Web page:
A great mentor often sees more potential within us than we see in ourselves. An engaged mentee can reinvigorate our practice with new questions and perspectives. There is both an art and science to engaging in meaningful mentoring relationships across the many roles and disciplines in higher education (Johnson, 2016).
Mentorship is relational, and it prioritizes people by creating a safe, inclusive and respectful culture of learning and growth. It can foster positive, mutually beneficial relationships that support development and growth through self-exploration, reflection, intellectual intrigue and identity formation (Lunsford & Baker, 2016). These relationships, both formal and informal, are found throughout the academy between teaching colleagues, instructors and students, and researchers and scholars.
They positively impact skill development, job performance, career satisfaction, pride and personal satisfaction (Eby, Allen, Evans, Ng & DuBois, 2008). When mentorship is interwoven into the campus culture, it supports the development of teaching, research, supervision and leadership practices, and ultimately improves student experiences (Grimes & White, 2015).
The 2021 University of Calgary Conference on Postsecondary Learning and Teaching invites faculty, instructors, administrators, librarians, staff, students and postdoctoral scholars to explore mentorship in higher education and the scholarship, approaches, practices and issues surrounding it.
This year’s conference theme will explore multiple aspects of mentorship:
- How does mentoring cultivate an inclusive academic community?
- What skills are needed to develop mentoring networks, to ask meaningful questions and to facilitate dialogue?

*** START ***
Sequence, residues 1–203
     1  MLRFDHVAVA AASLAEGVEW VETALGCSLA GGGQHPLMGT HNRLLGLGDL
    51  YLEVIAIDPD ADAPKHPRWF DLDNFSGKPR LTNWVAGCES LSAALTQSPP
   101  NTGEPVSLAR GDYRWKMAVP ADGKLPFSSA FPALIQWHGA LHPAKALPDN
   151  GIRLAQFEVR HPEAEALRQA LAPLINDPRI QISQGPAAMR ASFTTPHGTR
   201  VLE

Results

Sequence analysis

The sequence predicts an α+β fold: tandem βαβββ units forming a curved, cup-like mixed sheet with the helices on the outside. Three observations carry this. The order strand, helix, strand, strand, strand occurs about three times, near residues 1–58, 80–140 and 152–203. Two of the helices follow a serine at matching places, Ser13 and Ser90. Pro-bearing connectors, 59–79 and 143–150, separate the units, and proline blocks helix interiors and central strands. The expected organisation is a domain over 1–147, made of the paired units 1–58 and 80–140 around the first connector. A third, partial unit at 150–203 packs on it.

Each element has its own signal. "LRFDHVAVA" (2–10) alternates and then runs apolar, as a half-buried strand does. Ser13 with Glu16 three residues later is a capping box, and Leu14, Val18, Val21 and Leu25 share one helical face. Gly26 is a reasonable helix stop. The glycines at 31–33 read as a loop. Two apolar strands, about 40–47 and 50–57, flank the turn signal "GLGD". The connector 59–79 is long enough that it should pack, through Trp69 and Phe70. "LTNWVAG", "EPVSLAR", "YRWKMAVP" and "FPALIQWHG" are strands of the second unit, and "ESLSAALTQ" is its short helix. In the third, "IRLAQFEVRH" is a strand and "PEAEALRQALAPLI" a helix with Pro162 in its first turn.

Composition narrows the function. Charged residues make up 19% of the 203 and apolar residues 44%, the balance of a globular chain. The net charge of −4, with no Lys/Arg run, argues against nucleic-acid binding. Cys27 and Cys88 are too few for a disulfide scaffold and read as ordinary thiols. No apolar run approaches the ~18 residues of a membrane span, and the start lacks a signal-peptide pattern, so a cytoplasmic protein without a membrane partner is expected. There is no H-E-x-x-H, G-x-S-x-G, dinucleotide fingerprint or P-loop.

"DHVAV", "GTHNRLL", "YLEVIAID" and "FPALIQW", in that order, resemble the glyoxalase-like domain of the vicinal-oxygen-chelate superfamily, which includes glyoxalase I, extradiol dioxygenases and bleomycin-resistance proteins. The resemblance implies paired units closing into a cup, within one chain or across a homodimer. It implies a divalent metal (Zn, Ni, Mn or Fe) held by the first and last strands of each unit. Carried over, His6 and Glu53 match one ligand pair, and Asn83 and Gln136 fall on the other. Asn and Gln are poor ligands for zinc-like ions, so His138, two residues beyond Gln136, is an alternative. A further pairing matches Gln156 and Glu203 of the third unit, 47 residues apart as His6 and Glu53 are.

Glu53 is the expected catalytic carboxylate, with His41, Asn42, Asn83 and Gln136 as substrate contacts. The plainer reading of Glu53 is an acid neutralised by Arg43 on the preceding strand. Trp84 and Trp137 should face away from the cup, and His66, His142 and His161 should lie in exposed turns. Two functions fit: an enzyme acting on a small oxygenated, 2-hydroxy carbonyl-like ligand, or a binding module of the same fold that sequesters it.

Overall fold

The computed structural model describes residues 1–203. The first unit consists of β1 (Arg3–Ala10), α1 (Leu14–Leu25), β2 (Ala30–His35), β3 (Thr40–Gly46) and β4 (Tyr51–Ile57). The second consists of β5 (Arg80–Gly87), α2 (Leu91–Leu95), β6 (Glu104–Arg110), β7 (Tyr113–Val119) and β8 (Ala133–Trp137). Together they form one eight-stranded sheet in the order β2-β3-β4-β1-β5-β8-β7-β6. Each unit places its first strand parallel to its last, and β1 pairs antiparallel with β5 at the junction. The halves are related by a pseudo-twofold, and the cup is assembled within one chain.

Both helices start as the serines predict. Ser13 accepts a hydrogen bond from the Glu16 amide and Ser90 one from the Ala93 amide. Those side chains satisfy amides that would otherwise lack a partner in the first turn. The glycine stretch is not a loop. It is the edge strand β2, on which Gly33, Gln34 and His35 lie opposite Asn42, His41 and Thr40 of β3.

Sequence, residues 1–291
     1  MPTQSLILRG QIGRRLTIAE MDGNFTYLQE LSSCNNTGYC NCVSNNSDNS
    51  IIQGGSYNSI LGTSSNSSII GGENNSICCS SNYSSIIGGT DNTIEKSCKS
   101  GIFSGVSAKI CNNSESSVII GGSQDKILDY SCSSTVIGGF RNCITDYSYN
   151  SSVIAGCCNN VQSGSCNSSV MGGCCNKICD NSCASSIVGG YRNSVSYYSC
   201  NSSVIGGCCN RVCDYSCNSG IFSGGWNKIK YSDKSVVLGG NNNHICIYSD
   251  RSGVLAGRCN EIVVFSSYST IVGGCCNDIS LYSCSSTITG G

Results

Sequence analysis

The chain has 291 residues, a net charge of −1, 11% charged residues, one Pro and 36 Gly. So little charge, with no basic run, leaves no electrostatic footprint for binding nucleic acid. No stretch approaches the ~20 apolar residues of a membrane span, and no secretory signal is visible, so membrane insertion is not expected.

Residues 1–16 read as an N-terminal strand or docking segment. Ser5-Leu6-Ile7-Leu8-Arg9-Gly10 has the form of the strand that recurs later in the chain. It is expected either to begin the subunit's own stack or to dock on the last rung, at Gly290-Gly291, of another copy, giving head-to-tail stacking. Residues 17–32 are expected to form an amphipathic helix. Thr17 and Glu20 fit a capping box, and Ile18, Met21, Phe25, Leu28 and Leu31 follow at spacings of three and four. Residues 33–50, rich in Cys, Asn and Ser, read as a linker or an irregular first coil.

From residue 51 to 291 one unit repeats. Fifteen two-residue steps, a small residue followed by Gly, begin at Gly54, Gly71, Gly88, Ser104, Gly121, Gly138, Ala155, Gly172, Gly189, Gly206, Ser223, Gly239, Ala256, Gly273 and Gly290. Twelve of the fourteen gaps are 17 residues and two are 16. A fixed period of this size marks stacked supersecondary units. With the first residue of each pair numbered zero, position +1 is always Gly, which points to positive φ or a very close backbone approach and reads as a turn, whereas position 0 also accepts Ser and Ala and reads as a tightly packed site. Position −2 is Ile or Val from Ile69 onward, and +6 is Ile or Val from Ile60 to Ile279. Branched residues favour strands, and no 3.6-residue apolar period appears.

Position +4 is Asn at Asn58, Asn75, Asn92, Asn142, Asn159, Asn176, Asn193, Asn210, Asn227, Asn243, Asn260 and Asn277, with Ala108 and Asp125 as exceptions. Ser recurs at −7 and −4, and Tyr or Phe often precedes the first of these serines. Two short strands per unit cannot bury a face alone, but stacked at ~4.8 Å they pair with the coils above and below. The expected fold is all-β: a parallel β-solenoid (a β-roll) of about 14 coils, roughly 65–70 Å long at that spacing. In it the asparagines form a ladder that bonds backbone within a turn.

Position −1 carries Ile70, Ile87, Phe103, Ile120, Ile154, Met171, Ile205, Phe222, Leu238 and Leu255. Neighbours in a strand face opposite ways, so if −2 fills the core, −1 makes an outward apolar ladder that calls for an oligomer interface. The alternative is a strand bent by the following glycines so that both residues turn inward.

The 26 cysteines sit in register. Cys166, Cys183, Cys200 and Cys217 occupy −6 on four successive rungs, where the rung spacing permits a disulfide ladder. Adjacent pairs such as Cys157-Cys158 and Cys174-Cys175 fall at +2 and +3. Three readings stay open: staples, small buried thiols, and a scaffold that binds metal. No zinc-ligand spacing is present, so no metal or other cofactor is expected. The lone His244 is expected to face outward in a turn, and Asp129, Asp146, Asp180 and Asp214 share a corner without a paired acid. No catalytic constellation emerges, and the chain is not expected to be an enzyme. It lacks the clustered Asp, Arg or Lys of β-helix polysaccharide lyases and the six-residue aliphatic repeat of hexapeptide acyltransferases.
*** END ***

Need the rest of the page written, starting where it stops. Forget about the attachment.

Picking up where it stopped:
- How can we harness the power of positive mentoring to improve the student experience, as well as our research and teaching communities?
- What are the qualities and characteristics of effective mentorship?
- What do meaningful mentorships conversations and relationships look like?
- How can mentorship help improve supervision practices (of graduate students, postdoctoral scholars and undergraduate students)?
- How can mentorship be used by academic leaders to support career advancement and development?
- How can mentorship promote equity, diversity and inclusion?
- What does mentorship look like according to the perspectives, histories and worldviews of Indigenous peoples?
- How can mentorship unleash innovation and entrepreneurship?
- How can the impact of mentorship be assessed?
- What does mentorship look like through the eyes of a student?
Eby, L. T., Allen, T. D., Evans, S. C., Ng, T., & DuBois, D.L. (2008). Does mentoring matter? A multidisciplinary meta-analysis comparing mentored and non-mentored individuals. Journal of Vocational Behavior, 72(2), 254-267. http://dx.doi.org/10.1016/j.jvb.2007.04.005
Grimes, C., & White, H.B. (2015). Passing the baton: Mentoring for adoption of active-learning pedagogies by research-active junior faculty. Biochemistry and Molecular Biology Education, 43(5), 345-357.
Johnson, W.B. (2016) On being a mentor: A guide for higher education faculty. Routledge, New York, NY.
Lunsford, L.G., & Baker, V. (2015). Great mentoring in graduate school: A quick start guide for protégés. Occasional Paper Series No. 4. Council of Graduate Schools. https://cgsnet.org/ckfinder/userfiles/files/CGS_OPS_Mentoring2016.pdf